Just last week, the 7,500-strong population of Bordesholm became the first residents in Germany to have their electricity provided via 100% renewable sources for an entire hour when they were disconnected from the electricity grid. After the hour was up, when the town was reconnected to the grid, not a single person noticed the seamless switch back to it.
Bordesholm, a town that is already 75% powered by renewable energy sources, hopes to reach the 100% renewable mark at some time during 2020.
Bordesholm’s 10 MW Storage System
The switch from the grid to renewable energy and back again went ahead with zero issues. This was enabled by the use of a 10 MW storage system in addition to Sunny Central Storage battery inverters and a Hybrid Controller XL made by SMA Solar Technology AG (SMA).
In January 2018, RES Group won a competitive tender from Versorgungsbetriebe Bordesholm (VBB), a local energy supplier, to build the 10 MW storage system in the town. The project, which officially broke ground in June 2018, was supported by the local state and funded through the EU and VBB.
According to RES Group, the storage system has 10 MW peak power output, a 15 MWh storage capacity, and utilizes lithium nickel manganese cobalt (Li-NMC) batteries.
Normally, the storage system is used to provide frequency containment reserves to the local network that is operated by TenneT, a grid company. However, as demonstrated by disconnecting Bordesholm from the power grid, it can also act as a standalone system as an independent local grid, be used to fire the local grid back up into operation and step in during emergencies and power outages. It also helps reduce carbon emissions.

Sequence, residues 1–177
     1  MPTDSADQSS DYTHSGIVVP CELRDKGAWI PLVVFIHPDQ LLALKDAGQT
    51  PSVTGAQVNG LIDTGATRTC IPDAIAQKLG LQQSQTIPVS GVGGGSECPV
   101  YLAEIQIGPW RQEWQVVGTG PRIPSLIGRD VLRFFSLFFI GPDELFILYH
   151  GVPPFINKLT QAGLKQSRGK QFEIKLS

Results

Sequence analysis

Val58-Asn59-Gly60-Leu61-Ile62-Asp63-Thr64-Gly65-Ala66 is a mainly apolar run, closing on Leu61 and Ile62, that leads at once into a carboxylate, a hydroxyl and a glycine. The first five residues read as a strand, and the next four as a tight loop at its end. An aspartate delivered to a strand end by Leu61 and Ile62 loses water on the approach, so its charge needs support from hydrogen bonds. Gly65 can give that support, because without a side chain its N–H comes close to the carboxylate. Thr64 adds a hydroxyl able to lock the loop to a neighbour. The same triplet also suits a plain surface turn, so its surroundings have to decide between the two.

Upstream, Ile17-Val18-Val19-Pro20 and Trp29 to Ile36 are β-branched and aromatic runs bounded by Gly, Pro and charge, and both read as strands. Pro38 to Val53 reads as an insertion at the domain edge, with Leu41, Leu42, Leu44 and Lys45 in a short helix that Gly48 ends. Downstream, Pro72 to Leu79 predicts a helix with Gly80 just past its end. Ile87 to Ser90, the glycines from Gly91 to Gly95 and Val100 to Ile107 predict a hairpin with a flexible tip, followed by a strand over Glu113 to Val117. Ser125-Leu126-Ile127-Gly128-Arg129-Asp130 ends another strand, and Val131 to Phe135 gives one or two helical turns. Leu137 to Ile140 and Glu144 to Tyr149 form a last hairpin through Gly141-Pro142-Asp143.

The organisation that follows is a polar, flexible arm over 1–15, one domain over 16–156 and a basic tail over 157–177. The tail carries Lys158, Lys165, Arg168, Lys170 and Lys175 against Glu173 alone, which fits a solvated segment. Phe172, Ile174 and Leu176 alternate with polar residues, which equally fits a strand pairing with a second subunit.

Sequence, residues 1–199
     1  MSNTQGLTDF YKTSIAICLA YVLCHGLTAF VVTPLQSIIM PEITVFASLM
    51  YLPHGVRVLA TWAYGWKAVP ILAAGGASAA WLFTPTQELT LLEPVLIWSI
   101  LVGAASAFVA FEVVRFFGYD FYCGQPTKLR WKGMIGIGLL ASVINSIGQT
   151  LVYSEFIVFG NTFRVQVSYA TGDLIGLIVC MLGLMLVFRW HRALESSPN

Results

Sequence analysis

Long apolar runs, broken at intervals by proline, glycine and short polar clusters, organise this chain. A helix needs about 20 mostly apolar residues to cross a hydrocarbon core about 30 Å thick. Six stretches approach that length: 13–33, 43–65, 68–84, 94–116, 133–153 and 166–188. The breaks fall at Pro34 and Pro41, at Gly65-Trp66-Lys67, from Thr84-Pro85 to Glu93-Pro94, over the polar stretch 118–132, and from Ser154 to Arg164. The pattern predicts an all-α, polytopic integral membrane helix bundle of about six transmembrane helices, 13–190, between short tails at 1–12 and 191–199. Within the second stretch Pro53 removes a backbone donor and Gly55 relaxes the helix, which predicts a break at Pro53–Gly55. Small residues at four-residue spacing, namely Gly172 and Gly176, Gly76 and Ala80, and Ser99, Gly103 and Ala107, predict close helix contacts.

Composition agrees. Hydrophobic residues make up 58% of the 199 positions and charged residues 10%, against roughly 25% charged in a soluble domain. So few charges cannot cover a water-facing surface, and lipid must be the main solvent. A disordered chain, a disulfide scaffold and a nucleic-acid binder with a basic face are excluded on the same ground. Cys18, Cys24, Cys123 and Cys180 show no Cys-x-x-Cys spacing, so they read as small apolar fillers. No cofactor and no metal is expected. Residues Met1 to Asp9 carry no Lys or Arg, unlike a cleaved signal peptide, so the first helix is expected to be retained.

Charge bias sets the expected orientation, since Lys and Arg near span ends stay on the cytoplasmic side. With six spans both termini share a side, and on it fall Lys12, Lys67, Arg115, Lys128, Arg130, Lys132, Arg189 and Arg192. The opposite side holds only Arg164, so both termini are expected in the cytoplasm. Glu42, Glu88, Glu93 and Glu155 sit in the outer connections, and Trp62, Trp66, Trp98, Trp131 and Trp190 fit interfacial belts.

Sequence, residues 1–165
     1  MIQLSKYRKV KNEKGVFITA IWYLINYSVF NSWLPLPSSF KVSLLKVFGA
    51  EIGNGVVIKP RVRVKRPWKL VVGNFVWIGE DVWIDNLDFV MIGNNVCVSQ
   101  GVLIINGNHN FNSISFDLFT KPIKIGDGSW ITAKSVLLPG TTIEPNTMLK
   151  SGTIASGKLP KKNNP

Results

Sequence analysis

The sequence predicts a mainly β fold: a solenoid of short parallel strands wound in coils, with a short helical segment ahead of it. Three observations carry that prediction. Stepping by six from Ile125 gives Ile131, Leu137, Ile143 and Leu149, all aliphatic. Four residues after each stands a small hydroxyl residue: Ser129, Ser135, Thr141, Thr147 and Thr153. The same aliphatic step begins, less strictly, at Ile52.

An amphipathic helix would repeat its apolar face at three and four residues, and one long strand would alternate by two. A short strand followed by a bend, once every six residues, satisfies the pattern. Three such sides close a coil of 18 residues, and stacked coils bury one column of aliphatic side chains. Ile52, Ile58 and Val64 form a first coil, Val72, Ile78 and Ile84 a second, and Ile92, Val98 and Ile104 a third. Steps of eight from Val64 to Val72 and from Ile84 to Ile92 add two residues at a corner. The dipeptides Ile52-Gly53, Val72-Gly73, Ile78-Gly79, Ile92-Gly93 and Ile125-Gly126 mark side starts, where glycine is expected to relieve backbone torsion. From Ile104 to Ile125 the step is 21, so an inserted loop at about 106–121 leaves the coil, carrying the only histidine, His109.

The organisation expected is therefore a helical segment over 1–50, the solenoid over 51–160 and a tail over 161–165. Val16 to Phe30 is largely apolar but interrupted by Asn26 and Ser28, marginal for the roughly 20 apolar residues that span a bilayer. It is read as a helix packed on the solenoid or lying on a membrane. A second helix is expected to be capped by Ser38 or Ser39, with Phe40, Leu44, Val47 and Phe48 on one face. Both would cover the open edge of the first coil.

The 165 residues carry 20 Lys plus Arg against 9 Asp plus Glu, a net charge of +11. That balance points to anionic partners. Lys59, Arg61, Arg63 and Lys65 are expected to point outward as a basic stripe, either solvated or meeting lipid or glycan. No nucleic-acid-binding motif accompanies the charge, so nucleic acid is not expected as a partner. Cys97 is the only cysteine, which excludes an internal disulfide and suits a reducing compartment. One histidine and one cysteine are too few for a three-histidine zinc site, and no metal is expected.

During the one-hour window, local energy networks were powered reliably and stably using 100% renewable energy.
An aerial view of Bordesholm town. Image Credit: Kieler Nachrichten.
A Seamless Switch
When Bordesholm was disconnected from the grid at the end of November, the town’s energy was provided in whole by renewable resources. Frank Gunther, VBB Managing Director, said that the trial was an “impressive demonstration of how it is already possible and economically profitable to systematically expand renewables along with the required storage capacities without endangering supply reliability whatsoever”.
The test, however, was not a demonstration of how renewable energy sources can be used in place of traditional ones. Rather, it was a test designed to demonstrate how the fallback system would work in case of power grid failure. However, it is hard to ignore the obvious here—it also demonstrated how an economically profitable system can be used to expand the capacity of renewable energy without making sacrifices on reliability.
In the UK, the National Grid has gone on record to say that it wants to see a similar energy storage system play a similar role and carry out the same function. Now that we have seen that these systems can reliably power an entire town on renewable sources, it may only be a matter of time before this happens.